Migraines, LED Lights & Sleep Apnea

This past Sunday, my family ate at Penang, one of our favorite restaurants on the Upper West Side of Manhattan. Immediately after our meal, my wife complained of a queazy stomach and a headache. We thought it was indigestion from eating too much and didn’t think much of it. After sleeping it off, she felt better.

In retrospect, I also had a peculiar symptom as well: sensitivity to bright LED lights. As I was driving home from the restaurant, while stopped behind a car with very bright LED tail lights, I do remember wincing, with a slight headache and a bit of nausea. Even the red and green LED traffic lights were bothering me.

Looking back at what happened, both my wife and I must have suffered from a temporary migraine attack. Both of us were sleep deprived from various events from over the weekend, and the naturally occurring MSG in the restaurant food that we ate must have triggered our migraine “episodes.”

I wrote a year ago about my episode of vertigo shortly after our third son, Brennan, was born, due to major sleep deprivation. In both these scenarios, sleep deprivation of any kind heightens your nervous system which makes you over-respond or become over-sensitive to certain forms of stimulation or triggers, whether it’s MSG, bright lights, or alcohol. Of course there are a number of other various triggers, when combined, which makes you much more susceptible to migraine attacks.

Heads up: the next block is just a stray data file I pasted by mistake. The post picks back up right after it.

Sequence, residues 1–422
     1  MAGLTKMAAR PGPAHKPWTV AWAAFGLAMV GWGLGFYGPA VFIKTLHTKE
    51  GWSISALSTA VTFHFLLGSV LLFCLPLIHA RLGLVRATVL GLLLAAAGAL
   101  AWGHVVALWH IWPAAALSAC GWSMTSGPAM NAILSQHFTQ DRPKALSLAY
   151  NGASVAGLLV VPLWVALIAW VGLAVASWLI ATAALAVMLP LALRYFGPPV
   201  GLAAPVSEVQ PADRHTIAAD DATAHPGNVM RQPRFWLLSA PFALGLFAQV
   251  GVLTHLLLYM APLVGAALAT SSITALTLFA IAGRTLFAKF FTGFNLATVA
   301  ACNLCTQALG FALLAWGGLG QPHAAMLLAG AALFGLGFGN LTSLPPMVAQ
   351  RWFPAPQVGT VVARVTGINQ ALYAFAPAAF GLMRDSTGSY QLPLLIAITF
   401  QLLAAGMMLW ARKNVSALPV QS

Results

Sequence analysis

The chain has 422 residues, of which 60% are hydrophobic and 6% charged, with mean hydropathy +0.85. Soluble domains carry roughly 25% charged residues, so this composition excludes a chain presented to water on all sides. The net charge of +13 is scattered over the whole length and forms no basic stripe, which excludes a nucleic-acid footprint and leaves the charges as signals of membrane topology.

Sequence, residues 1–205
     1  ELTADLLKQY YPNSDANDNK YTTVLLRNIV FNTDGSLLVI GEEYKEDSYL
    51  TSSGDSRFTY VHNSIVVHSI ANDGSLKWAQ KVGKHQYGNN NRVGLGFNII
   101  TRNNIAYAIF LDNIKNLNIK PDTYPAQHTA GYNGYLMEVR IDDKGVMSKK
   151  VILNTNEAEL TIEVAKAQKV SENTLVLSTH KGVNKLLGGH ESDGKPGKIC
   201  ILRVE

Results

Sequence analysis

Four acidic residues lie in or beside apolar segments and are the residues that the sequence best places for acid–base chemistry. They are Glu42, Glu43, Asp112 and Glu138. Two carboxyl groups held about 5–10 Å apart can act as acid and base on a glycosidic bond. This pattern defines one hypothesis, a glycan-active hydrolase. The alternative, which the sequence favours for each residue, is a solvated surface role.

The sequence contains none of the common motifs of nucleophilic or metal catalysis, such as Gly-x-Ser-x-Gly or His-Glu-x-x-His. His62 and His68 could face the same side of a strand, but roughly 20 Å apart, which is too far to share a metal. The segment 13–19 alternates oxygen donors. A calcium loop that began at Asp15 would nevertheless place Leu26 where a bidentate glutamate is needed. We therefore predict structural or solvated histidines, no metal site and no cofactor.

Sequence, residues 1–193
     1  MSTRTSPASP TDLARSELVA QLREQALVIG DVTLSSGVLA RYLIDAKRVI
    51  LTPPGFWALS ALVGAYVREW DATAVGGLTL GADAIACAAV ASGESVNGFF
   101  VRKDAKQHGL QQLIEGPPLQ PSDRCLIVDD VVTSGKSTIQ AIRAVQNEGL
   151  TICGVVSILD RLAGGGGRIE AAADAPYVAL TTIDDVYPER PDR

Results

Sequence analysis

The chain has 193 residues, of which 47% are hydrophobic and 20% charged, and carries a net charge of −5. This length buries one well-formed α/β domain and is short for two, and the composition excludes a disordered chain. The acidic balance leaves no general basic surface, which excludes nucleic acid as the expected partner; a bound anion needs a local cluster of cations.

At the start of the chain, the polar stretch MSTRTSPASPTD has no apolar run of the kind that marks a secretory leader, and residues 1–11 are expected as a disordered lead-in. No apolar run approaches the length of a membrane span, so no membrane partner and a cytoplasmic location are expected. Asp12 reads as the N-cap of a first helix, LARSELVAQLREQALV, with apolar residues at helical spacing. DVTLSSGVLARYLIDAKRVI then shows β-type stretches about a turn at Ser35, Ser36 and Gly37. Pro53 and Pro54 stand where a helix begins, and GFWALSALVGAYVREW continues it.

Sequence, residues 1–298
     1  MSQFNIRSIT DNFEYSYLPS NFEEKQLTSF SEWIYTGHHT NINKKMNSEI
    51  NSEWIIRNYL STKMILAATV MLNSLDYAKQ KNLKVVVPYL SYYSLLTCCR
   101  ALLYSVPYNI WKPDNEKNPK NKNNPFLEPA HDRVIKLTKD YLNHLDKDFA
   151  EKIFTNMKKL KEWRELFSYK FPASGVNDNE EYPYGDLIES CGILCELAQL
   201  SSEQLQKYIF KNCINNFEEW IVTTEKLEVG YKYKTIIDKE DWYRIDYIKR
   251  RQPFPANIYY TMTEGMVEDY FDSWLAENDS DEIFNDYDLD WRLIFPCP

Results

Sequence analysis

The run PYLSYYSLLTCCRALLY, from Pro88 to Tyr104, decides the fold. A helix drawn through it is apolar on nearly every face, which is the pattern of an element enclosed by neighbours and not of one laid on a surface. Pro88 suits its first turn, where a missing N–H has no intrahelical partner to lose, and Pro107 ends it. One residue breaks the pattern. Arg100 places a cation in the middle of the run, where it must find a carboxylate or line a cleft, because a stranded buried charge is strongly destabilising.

Even the hotel room  where I stayed last week had light that were just too bright to sleep with. I covered everything up with towels or books. Even in my bedroom, I used black electrical tape to cover up all the green and red LED lights so that I can sleep better.

Are you bothered by the newer brighter LED lights? Please enter your experiences in the comments box below.

Please note: I reserve the right to delete comments that are offensive or off-topic.

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3 thoughts on “Migraines, LED Lights & Sleep Apnea

  1. Van,

    I underwent a home sleep study recently, and although I didn’t have obstructive sleep apnea, I did have a few apneas which are considered “normal.” I know that I’m susceptible to sleep-breathig problems, especially when I have a cold or allergies. The basic premise of my book is that all humans are susceptible to various degrees.

  2. I have moderate to severe apnea (31 events per hour). I used to get migraines – since being a teenager some 40 years ago. Definitely had photophobia, often sound was a problem. Usually vomiting. Felt like I was suffering from a lack of oxygen. Usually started during the night. For a while they disappeared, but then came back. Seemed to be getting worse with age. Often every week. Triptans worked for a while, then stopped working. Since starting cpap a year ago I have not had more than one or two migraines and they usually respond to Excedrin. Don’t know if they could have been triggered by MSG – we eat a lot of Chinese food. However, since I now get them so rarely it’s hard to pin down a cause.